After First Balking, Premier Clark Agrees to Sign National Climate Deal

Two changes to ‘pan-Canadian framework’ allowed BC to participate, Clark says.

By Andrew MacLeod 10 Dec 2016 |

Andrew MacLeod is The Tyee’s Legislative Bureau Chief in Victoria and the author of A Better Place on Earth: The Search for Fairness in Super Unequal British Columbia (Harbour Publishing, 2015). Find him on Twitter or reach him here.

British Columbia Premier Christy Clark said she would sign an agreement to put a price on carbon emissions across Canada despite having threatened at the eleventh hour to withhold her signature.

Two changes to the Pan-Canadian Framework on Clean Growth and Climate Change allowed B.C. to participate, Clark said. The premiers of all provinces and territories except for Manitoba and Saskatchewan said Dec. 9 they would sign on.

For five years Clark has been saying the B.C. carbon tax, introduced in 2008, should not rise until the rest of the country caught up and she reiterated this at a news conference after the meeting of premiers, Prime Minister Justin Trudeau and First Nations leaders.

“There was an issue of fundamental fairness that we needed to see resolved in the agreement,” she said. “We wanted to make sure that there was agreement, or we would agree, that everybody else has caught up before we agree that our carbon tax will go up.”

An annex to the agreement gives B.C. the opportunity to say whether or not the province believes the rest of the country has caught up, Clark said.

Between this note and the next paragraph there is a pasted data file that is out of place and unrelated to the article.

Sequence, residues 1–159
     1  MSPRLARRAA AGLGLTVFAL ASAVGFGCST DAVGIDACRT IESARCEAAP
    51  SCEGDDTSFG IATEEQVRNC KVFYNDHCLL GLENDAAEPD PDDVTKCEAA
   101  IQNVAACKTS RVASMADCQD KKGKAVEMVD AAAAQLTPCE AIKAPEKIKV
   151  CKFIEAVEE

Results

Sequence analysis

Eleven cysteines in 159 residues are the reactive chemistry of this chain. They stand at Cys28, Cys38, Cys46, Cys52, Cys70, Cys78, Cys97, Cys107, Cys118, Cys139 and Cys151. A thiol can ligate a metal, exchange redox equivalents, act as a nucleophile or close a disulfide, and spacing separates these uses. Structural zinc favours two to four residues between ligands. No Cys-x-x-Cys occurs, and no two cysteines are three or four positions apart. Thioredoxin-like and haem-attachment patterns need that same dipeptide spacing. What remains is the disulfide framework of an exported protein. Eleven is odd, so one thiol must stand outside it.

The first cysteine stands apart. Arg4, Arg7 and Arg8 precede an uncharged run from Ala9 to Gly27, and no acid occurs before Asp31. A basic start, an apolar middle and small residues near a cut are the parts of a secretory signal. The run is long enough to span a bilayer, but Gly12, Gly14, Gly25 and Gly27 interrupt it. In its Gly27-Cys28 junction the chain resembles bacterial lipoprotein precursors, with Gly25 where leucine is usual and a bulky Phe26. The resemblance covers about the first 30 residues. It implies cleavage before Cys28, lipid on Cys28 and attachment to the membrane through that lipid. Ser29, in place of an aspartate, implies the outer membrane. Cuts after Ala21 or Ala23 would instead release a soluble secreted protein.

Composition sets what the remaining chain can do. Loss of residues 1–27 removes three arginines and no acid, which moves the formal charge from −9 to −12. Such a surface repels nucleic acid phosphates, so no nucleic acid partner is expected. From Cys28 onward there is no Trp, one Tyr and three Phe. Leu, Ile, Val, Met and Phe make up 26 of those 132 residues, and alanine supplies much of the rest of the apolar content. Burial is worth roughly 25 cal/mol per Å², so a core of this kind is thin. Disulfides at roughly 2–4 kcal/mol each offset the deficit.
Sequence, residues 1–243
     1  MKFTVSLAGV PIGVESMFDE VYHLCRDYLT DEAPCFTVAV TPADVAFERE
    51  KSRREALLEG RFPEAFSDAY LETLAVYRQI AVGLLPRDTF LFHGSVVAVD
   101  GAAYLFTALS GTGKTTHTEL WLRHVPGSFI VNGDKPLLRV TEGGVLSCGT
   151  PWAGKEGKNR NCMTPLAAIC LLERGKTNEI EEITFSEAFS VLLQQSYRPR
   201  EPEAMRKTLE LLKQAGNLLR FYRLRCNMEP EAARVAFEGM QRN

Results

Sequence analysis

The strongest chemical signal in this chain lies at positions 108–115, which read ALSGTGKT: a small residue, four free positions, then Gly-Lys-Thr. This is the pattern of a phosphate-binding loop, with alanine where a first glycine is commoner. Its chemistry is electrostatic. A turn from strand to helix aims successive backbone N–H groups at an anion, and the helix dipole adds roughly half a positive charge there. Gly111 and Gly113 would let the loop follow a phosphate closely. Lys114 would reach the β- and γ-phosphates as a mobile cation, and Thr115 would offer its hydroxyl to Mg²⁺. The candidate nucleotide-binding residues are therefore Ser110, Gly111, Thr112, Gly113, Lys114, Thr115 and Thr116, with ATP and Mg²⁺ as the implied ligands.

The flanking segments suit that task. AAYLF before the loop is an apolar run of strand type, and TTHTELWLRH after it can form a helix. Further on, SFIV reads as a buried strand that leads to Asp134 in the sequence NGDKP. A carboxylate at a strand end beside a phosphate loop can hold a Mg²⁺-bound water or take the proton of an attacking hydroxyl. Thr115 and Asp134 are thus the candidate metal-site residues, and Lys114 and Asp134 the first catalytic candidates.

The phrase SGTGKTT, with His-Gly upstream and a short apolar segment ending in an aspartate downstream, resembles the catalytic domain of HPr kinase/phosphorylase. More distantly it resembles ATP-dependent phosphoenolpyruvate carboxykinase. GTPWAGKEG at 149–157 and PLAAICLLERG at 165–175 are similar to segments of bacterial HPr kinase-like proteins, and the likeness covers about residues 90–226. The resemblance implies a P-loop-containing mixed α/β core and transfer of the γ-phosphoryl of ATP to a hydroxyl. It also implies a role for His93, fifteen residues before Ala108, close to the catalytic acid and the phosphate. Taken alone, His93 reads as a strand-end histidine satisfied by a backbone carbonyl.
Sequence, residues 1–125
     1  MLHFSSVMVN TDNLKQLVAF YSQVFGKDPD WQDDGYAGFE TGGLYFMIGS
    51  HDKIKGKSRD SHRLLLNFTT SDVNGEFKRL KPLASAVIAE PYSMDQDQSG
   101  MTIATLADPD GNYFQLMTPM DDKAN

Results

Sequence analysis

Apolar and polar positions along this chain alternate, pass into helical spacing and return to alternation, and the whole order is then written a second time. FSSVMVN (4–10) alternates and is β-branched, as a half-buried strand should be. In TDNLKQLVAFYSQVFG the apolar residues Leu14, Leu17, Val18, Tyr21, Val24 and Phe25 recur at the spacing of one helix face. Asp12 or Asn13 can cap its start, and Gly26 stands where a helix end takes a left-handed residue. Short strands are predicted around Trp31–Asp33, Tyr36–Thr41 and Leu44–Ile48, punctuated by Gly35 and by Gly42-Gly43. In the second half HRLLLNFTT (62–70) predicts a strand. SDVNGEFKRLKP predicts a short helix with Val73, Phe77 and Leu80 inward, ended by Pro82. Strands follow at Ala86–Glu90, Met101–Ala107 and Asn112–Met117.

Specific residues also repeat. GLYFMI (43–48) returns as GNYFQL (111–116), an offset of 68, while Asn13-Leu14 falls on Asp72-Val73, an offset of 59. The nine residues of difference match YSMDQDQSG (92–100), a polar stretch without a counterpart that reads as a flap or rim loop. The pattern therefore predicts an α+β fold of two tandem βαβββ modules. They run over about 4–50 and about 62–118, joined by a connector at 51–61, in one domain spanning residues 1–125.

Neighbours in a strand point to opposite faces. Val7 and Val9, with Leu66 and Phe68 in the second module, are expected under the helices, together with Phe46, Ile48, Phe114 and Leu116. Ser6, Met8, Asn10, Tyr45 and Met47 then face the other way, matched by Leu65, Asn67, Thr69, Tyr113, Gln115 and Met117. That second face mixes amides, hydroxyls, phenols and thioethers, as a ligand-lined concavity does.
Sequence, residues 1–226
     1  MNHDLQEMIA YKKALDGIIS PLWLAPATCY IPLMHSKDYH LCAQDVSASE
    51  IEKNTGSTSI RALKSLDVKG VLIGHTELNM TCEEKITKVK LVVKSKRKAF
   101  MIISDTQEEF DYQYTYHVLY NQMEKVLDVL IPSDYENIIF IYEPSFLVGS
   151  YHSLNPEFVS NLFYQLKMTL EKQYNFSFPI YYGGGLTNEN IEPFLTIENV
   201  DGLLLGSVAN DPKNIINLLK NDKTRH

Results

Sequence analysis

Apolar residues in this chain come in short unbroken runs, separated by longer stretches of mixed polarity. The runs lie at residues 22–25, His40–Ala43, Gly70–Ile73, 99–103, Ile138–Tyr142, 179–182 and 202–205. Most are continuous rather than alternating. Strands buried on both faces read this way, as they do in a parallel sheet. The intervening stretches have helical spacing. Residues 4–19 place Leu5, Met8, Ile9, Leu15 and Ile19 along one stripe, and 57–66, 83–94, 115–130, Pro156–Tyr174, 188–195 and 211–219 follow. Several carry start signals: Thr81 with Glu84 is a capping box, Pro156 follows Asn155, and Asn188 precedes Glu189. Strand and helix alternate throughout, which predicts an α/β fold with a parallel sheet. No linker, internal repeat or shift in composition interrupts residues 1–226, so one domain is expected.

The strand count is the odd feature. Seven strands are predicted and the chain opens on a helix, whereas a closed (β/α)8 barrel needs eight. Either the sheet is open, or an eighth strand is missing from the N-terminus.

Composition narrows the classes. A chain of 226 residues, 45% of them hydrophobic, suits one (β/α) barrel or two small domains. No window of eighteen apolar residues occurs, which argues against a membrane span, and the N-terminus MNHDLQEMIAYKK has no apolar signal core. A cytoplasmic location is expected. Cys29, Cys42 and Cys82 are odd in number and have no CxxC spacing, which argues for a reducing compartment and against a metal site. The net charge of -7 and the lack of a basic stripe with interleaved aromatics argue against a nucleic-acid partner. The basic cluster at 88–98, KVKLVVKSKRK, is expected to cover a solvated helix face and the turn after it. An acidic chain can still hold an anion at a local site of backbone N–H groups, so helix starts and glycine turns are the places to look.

The annex also allows the province to decide whether to continue with the carbon tax or to use a different method to put a further price on carbon emissions, she said.

“Those are two great protections for the province of British Columbia that will make sure that it’s fairer to the people of our province,” she said.

B.C.’s carbon tax, which returns revenues raised to corporations and individuals through other tax cuts, has been at $30 per tonne of carbon dioxide equivalent emissions since 2012. The federal plan won’t require provinces to reach that level until 2020 and will then move on to $50 per tonne by 2022.

When federal Environment Minister Catherine McKenna in September announced environmental approval for the Pacific NorthWest LNG proposal to build a liquefied natural gas terminal at the mouth of the Skeena River in B.C., she said B.C. had agreed to raise its price on carbon in line with the federal plan.

Matt Horne, the associate regional director for B.C. at the Pembina Institute environmental group, said Clark’s hesitation to sign the federal agreement made little sense. “There’s an inconsistency in her arguments.”

On the one hand, the province claims to be a leader fighting climate change and to have done so without hurting the provincial economy.

As recently as Nov. 16, when B.C. won a “Momentum for Change” award at the 22nd session of the Conference of the Parties (COP 22) Low-Emissions Solutions Conference in Marrakech, Morocco, Clark stressed the compatibility of the carbon tax with economic growth.

“Around the world, governments are grappling with the challenge of fighting climate change while fostering economic growth,” she said in a press release. “As B.C.’s revenue-neutral carbon tax shows, and this award recognizes, it is possible to reduce harmful emissions while growing the economy, creating jobs and driving investment into cleaner options.”

Now, said Horne, Clark seems to be saying that she’s worried that raising B.C.’s carbon tax beyond the price on emissions in other provinces will put her province at a disadvantage.

The argument makes little sense given that any move from the other provinces and territories under the agreement would bring them closer to the price on carbon in B.C., he said. “Even if there’s not perfect comparability, the gap is going to be smaller than we have today.”

Instead of posturing on the federal stage, B.C. should be paying closer attention to where it is headed on carbon emissions, Horne said.

It already looks like B.C. will miss its 2020 target by a wide margin, and if the province keeps its current policies, there’s a “massive gap” to be closed to meet the target for 2050, he said.  [Tyee]

Read more: Energy

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